Bank leaves interest rate unchanged
Interest rates were kept at their record low after Bank of England policymakers resisted pressure to curb rising inflation.
The no-change decision, which means the Bank's base rate has been at 0.5% for 25 months, comes amid further signs that the UK's economic recovery is still not strong enough to withstand the shock of higher borrowing costs.
A string of gloomy updates from the retail sector continued with profit warnings from Carpetright and Halfords, as consumers tighten their belts in the face of economic uncertainty and higher prices, particularly for fuel.
But with inflation running at 4.4%, the Bank of England risks damaging its credibility by failing to take action over price pressures.
Three members of the nine-strong monetary policy committee voted to increase rates last month but the majority of policymakers expect inflation to peak at 5% before heading back to its 2% target next year.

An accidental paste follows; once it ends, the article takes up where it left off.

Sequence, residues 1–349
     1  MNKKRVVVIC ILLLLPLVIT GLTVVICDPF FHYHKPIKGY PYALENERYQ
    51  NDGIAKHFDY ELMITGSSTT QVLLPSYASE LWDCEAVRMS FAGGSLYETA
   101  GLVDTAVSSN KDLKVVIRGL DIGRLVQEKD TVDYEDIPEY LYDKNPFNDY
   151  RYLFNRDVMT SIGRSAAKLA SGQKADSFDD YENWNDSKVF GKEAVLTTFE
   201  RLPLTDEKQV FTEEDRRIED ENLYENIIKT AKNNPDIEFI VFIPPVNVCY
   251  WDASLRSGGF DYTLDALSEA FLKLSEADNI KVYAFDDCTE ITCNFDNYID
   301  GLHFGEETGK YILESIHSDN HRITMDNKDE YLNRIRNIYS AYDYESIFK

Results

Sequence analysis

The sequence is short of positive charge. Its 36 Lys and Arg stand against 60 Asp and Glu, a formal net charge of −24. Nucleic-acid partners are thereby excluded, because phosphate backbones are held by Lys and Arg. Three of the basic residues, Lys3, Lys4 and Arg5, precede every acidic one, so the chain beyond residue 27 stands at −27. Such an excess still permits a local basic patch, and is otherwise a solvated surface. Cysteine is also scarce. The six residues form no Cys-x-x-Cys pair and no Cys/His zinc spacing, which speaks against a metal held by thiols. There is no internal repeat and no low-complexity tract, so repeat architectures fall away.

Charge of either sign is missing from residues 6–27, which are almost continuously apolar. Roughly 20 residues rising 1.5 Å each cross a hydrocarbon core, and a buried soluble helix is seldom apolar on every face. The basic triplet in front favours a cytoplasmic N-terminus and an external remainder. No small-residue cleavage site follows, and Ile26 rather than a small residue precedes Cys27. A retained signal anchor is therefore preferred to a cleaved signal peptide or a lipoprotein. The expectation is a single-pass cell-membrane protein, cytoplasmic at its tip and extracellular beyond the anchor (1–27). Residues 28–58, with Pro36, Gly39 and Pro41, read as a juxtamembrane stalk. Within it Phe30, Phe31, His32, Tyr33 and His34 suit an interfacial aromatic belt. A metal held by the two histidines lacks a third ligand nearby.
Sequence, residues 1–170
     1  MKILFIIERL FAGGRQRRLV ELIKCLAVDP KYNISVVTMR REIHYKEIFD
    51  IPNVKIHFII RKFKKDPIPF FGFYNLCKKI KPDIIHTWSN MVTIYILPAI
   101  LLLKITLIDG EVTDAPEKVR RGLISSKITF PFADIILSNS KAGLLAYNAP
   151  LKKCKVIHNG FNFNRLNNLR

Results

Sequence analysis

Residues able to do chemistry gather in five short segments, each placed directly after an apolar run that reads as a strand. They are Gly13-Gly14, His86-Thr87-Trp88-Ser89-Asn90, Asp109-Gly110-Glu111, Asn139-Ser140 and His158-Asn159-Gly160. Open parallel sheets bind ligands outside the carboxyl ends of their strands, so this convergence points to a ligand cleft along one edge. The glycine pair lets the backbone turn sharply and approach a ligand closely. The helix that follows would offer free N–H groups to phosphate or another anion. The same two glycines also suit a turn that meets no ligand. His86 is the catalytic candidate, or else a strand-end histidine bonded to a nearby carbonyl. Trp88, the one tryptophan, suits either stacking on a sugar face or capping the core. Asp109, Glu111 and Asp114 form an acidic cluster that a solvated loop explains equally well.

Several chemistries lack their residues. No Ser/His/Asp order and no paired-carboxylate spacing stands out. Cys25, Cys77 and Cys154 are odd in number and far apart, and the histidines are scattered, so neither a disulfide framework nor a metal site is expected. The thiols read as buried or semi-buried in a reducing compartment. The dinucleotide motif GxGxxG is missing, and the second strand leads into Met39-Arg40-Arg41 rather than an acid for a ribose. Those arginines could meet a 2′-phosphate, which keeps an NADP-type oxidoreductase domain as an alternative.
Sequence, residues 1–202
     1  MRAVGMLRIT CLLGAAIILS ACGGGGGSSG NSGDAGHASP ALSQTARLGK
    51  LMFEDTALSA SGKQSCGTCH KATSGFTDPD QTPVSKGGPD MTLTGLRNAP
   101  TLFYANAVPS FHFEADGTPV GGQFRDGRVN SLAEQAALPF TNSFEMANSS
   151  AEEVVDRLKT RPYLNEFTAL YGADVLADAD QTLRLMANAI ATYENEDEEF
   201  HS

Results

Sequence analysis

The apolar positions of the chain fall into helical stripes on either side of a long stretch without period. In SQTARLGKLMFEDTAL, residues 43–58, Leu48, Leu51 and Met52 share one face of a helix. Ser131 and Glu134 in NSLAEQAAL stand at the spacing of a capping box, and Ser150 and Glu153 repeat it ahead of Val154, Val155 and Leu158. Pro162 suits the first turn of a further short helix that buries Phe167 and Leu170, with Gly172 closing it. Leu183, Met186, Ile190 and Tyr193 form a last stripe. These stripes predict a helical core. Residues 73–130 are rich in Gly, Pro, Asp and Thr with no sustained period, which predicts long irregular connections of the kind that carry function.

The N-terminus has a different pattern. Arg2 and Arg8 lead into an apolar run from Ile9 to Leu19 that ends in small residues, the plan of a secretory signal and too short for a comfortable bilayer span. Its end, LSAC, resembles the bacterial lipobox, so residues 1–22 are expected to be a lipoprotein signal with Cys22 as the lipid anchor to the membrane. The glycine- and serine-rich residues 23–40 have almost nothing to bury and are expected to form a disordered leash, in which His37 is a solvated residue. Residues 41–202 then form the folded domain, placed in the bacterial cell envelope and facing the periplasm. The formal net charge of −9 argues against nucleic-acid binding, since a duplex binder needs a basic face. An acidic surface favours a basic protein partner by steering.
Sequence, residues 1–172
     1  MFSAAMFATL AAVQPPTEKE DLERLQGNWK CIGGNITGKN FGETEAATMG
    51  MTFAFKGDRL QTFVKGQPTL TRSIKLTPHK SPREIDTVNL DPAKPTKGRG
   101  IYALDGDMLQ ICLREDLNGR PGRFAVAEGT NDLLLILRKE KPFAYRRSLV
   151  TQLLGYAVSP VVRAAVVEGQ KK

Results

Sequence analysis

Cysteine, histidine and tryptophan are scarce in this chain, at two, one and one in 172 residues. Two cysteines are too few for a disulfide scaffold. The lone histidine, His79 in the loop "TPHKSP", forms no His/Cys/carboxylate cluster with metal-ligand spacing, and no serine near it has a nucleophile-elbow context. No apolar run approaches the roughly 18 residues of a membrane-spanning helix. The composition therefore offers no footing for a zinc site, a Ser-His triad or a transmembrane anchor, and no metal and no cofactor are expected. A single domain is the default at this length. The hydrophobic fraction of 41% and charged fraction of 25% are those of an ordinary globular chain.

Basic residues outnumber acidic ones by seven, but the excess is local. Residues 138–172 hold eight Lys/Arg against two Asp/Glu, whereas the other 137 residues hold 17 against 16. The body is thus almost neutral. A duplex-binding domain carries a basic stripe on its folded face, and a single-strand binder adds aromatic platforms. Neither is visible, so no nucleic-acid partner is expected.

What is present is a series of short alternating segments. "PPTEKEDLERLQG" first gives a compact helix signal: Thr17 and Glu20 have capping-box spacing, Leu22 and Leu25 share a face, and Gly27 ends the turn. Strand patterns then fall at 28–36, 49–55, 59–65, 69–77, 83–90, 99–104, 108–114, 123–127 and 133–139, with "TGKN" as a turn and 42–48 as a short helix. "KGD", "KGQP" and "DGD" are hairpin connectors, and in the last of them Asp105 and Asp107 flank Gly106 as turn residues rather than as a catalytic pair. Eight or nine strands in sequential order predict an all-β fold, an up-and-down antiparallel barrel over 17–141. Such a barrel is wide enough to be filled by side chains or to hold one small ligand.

Analysts think there is a much greater chance that interest rates will rise next month as members will have access to the Bank's latest economic forecasts.
Policymakers have been reluctant to move on rates after a 0.5% decline in output in the final quarter of last year.
The OECD downgraded the UK's growth prospects in the second quarter to an annualised rate of 1% last week amid the impact of Government's austerity measures and as the crisis in Libya boosts the price of oil.
Ian McCafferty, CBI chief economic adviser, said the Bank of England was in an "unenviable position".
He said: "Not surprisingly, they've elected to wait until things become a little clearer before setting their course towards any rises. There are conflicting messages about the low level of consumer confidence versus brighter prospects for certain sectors, which continue to cloud the issue. No doubt the MPC is waiting for further signs that the recovery is back on track before changing its stance."